Targeting Your Horse Stable Marketing

An effective marketing strategy is built around understanding the business’ target audience.

What facilities and expertise do you have to support the boarders at your farm or stable?

It can be tempting to try and sell your services to every horse owner in your geographic area. The reality is that you can’t be all things to all people. Knowing which horse owners are best suited to the services you offer is key to developing successful, long-term relationships.

Research is an important part of deciding your marketing targets. Studying the horse owning population you want to reach includes learning information about your market area, your competitors and your clients’ needs. Conducting market research includes analyzing data and trends to help you understand which products and services are in demand, and how to be competitive.

It’s important to consider the type of horse owner located within your market area and the services that client might need. A barn in Dallas/Ft. Worth, Texas, might serve competitive reining clients. Those customers are likely looking for advanced training, support and access to competitions. 

A stable located in an area with recreational horse owners will likely serve clients most interested in the trail riding, local competitions and/or general horsekeeping (i.e., older or retired horses). In many situations a stable is located in an area with diverse client groups, and the farm owner or manager has to decide if he or she will specialize or can offer various services to multiple groups.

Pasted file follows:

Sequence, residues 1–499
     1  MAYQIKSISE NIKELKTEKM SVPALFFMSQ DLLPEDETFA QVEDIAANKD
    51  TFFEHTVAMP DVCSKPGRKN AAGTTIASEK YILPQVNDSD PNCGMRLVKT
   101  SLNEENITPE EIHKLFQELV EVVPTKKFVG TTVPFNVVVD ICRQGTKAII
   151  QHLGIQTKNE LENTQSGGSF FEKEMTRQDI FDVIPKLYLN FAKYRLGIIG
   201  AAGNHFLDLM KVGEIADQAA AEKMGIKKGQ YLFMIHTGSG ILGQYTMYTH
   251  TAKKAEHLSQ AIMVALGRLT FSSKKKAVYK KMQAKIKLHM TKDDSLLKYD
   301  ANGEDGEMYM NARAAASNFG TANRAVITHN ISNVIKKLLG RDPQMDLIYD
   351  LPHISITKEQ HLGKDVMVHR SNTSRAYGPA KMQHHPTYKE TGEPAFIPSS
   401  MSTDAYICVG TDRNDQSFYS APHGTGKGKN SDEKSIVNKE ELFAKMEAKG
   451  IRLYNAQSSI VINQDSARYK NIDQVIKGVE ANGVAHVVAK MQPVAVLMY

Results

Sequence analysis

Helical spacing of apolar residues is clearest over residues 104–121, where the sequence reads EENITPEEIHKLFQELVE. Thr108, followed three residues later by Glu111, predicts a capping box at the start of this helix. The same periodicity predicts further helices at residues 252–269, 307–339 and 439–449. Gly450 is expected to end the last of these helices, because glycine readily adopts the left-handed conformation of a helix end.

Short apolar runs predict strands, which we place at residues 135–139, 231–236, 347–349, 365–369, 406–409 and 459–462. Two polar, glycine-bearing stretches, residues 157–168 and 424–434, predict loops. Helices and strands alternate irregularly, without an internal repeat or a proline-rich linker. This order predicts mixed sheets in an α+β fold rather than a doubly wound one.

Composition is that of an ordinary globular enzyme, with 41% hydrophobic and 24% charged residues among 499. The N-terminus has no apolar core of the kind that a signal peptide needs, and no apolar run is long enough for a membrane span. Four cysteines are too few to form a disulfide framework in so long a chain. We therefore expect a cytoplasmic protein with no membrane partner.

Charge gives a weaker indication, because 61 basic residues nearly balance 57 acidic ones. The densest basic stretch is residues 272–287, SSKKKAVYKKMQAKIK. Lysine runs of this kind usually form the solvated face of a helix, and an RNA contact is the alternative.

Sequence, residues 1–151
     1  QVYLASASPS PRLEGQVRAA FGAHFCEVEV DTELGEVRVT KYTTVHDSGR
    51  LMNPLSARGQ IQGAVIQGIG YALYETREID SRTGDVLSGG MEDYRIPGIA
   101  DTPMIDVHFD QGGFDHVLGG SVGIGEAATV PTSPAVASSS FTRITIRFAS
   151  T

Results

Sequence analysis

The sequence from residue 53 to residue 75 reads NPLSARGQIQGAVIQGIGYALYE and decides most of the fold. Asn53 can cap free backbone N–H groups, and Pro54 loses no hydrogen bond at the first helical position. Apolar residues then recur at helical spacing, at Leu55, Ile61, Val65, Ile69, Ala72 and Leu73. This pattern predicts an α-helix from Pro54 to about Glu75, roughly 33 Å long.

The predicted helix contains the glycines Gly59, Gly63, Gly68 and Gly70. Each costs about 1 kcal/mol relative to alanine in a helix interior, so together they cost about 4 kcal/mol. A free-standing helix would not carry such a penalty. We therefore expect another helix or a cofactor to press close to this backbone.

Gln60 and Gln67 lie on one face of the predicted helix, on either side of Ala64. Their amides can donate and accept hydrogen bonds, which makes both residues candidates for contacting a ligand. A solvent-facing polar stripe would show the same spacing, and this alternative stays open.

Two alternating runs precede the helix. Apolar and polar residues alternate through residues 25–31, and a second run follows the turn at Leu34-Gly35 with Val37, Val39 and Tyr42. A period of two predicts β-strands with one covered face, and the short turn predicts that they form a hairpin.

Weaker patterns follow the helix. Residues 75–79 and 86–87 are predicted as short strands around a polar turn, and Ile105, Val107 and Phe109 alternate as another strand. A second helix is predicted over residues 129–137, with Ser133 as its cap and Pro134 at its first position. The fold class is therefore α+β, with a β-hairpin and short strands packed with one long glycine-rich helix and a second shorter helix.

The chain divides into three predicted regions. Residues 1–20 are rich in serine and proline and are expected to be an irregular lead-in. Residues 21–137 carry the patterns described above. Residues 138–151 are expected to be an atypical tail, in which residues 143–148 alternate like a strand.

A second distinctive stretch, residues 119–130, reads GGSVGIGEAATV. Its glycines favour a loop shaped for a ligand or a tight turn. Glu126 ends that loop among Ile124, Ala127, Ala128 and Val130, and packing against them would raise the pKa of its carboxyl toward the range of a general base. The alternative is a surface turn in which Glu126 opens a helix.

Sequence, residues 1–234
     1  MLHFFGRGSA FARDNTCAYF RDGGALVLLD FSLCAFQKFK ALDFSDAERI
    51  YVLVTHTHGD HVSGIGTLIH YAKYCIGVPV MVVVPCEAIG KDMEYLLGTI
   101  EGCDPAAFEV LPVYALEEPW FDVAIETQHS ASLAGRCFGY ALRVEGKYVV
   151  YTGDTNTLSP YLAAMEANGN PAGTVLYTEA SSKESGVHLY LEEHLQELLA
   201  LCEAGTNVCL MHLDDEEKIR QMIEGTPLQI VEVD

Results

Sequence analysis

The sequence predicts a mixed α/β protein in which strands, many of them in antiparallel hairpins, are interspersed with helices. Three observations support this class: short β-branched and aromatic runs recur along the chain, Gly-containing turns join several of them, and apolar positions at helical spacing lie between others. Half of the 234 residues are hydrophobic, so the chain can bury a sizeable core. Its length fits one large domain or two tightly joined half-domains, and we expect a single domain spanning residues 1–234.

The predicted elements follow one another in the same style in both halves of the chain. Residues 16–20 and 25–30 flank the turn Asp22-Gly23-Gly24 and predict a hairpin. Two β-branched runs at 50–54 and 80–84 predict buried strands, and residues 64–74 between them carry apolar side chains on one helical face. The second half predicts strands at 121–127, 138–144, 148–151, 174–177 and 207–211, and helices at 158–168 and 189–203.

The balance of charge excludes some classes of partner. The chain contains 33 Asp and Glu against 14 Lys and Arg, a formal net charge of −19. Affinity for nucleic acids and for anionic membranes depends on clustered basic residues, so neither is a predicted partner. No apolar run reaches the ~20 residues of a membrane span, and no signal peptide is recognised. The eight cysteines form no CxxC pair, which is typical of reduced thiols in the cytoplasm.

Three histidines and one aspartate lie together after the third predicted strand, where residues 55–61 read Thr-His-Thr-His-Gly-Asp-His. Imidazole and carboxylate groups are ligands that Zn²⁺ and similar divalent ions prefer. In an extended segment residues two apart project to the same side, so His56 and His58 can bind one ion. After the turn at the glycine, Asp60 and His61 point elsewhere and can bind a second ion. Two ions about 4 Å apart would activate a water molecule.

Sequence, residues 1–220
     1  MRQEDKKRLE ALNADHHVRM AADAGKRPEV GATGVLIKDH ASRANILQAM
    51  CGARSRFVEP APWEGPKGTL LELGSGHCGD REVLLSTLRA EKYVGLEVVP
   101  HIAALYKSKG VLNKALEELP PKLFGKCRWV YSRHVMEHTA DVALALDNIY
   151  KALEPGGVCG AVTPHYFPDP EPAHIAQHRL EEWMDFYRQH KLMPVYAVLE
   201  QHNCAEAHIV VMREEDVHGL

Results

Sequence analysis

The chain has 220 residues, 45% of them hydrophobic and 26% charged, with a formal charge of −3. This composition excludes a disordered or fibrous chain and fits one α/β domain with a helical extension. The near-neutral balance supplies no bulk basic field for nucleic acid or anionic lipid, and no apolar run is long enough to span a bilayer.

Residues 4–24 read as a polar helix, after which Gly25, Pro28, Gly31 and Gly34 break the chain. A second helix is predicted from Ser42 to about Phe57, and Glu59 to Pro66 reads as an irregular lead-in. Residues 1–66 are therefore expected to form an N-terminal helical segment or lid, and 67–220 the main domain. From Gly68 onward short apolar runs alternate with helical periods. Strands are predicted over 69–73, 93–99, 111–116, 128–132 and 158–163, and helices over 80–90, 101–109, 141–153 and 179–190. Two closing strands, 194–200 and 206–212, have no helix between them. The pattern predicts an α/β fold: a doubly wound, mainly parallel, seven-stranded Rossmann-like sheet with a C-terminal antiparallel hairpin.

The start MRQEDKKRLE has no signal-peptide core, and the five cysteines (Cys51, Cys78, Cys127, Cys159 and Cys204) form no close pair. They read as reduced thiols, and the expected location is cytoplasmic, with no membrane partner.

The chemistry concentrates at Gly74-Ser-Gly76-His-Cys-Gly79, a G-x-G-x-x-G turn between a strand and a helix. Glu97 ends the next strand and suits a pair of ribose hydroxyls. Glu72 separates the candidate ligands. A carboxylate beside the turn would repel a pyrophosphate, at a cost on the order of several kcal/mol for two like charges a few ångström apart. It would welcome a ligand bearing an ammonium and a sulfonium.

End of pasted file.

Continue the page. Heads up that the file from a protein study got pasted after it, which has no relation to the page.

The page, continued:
After determining the interests of the potential audience in your area, figure out if your facility lends itself more to hosting trail riders, dressage riders or those interested in western competitions? Do you have the space, required facilities and instructors to support the interests of your boarders?

An effective marketing strategy is built around understanding the business’ target audience. Everyone looks for the silver bullet and jumps right to the tactics without having a strategy behind what they are doing, and in the end the efforts don’t have the intended impact.

While learning about current and potential client needs, it’s equally important to learn about other facilities in the area and the industry as a whole. This can help you reduce risk to your business, spot current and upcoming trends and identify opportunities for growth.

The United States Small Business Administration is one source that can provide statistics about general economic indicators and income and earnings. Equine associations such as the American Horse Council might be able to provide statistics more specifically related to the equine industry.






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